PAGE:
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Keynote offers new answers to the question of how fast a web page loads
It reveals more of what happens after consumers click to load a web page.
Managing Editor, B2B E-commerce
Topics: Aaron Rudger, Amazon, Apple, e-commerce, Keynote, m-commerce, mobile commerce, page loading times, Performance management, site content, site performance, Top Retailers Performance Index, United Kingdom
Keynote this week released expanded versions of its web performance indices to show what it says is a more complete view of how quickly web site pages load content and interactive features.
The company’s reports have long showed web site performance metrics that display response time, or the time it takes all components of a web page to load; success rate, which is the percentage of time a web site is available to access during a specified period of time; and outage hours, or the number of hours during a specified time that a web site cannot be accessed.
But those measurements don’t say everything about how fast a web site seems to a visitor, says Aaron Rudger, Keynote’s senior marketing manager for web performance.
“Our customers have been asking us to help them better understand more and finer details of performance relative to web sites,” he says. Keynote provides more than 20 web performance indices for web sites and mobile sites for several industries, including eight indices for the retail industry in the United States and the United Kingdom.
Keynote’s new data comes in three measurements:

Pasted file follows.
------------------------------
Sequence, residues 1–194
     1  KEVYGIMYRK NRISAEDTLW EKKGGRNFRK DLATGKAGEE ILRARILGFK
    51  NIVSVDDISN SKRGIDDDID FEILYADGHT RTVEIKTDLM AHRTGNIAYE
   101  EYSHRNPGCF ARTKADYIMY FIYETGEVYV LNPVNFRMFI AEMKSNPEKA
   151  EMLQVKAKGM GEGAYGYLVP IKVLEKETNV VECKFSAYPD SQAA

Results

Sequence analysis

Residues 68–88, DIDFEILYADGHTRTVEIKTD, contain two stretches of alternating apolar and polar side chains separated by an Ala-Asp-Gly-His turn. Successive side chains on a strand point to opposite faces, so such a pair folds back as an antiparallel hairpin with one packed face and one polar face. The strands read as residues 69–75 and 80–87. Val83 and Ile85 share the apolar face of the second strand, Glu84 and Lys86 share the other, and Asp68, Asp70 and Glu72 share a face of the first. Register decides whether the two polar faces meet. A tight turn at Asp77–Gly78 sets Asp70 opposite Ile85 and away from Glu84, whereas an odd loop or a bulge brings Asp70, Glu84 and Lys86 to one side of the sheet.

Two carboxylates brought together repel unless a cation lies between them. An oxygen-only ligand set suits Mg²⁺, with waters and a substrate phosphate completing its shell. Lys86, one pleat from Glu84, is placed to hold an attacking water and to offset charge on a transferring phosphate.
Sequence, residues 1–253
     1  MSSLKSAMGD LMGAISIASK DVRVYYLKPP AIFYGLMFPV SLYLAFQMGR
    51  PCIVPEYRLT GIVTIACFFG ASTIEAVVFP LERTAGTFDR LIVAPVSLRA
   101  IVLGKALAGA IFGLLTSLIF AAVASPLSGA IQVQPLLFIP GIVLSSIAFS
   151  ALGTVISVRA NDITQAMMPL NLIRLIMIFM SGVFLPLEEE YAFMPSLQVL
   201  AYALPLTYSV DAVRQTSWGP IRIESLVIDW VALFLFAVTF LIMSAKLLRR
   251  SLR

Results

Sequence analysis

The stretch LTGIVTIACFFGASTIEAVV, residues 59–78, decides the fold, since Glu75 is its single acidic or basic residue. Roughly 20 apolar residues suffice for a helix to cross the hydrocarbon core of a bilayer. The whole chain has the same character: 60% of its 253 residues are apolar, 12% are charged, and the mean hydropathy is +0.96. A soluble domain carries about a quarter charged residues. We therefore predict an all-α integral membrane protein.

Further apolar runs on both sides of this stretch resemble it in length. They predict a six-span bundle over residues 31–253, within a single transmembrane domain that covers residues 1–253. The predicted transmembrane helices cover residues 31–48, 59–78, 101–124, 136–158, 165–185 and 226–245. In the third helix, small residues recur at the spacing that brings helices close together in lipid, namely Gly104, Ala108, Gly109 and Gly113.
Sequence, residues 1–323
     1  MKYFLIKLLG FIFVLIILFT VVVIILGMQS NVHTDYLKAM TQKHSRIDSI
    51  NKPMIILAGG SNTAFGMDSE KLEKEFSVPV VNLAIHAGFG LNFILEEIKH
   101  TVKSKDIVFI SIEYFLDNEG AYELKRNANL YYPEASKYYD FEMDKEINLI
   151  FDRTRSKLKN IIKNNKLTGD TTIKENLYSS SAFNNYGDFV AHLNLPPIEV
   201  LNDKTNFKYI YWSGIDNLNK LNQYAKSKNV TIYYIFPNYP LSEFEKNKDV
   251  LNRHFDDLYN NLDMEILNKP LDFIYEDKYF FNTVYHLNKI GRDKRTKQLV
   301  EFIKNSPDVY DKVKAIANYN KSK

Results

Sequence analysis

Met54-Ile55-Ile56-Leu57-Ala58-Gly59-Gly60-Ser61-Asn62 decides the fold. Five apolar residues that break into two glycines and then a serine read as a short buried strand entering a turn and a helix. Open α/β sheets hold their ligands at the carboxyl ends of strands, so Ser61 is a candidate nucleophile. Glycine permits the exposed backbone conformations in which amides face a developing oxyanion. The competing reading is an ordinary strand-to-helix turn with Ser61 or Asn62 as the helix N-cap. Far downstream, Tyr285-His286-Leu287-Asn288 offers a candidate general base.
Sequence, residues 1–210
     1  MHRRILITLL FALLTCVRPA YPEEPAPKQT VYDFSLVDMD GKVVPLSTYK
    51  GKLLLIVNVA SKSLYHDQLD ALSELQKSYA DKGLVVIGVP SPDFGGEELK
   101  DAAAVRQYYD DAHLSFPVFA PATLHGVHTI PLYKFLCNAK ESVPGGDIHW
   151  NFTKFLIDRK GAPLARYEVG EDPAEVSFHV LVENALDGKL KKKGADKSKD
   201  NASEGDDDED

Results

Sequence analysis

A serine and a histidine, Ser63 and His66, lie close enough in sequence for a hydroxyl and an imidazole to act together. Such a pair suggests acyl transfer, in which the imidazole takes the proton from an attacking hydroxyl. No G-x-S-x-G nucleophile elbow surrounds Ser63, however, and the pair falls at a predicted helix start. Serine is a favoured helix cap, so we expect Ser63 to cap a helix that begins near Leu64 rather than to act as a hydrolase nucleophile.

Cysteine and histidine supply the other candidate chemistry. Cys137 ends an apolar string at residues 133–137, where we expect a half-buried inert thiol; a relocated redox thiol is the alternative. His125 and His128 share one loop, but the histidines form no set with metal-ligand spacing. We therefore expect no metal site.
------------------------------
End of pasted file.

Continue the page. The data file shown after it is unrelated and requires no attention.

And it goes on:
● “Time to paint,” which measures the time for content to begin to appear on a web site.
● “Time to interactive page,” which measures the time for a web page to let a visitor click to interact with a page feature.
● “Total user experience time,” which measures the time it takes for a web page to both load and render content in the form intended by the site operator. For example, while the long-standing Keynote metric of response time shows how long it would take a web page of customer reviews to load all review content, Rudger says, the metric of total user experience time would show how long it takes the page to organize all the reviews under multiple product headings, making it possible for a web site visitor to easily choose among reviews tied to a product of interest.
The additional metrics are intended to help site operators better understand how additional content and redesigned web pages are impacting page download times, which they can then compare with other metrics such as click-through rates, conversion rates and site abandonment rates, Rudger says.
For the week ended April 7, for example, Keynote’s Top Retailers Performance Index, which ranks web sites by their response time, showed that AbeBooks.com, a subsidiary of Amazon.com Inc., led the 47 online retailers in the index with a response time of 0.59 seconds and a total user experience time of 0.68 seconds. By comparison, other e-commerce operators on the list include:
● Apple Inc., which ranked third with a response time of 0.76 second and a total user experience time of 1 second;
● Walmart.com, which ranked 16th with a response time of 1.36 seconds and a total user experience time of 1.41 seconds;
● eBay Inc., which ranked 22nd with a response time of 1.78 seconds and a total user experience time of 1.93 seconds;
● BestBuy.com, which ranked 34th with a response time of 2.77 seconds and a total user experience time of 3.85 seconds;
● Amazon.com Inc., which ranked 45th with a response time of 4.91 seconds and a total user experience time of 5.97 seconds.
Keynote makes weekly reports of its indices available for free. It charges a subscription fee for indices offered with data continuously updated in real time. Pricing for the real-time reports starts at $195 per month, Keynote says. Keynote is ranked second among providers of web performance monitoring technology in Internet Retailer’s Leading Vendors to the Top 1000 E-Retailers guide.
Apple is No. 3 in the Internet Retailer Top 500; Walmart.com is No. 4; Best Buy is No. 11, and Amazon, No. 1.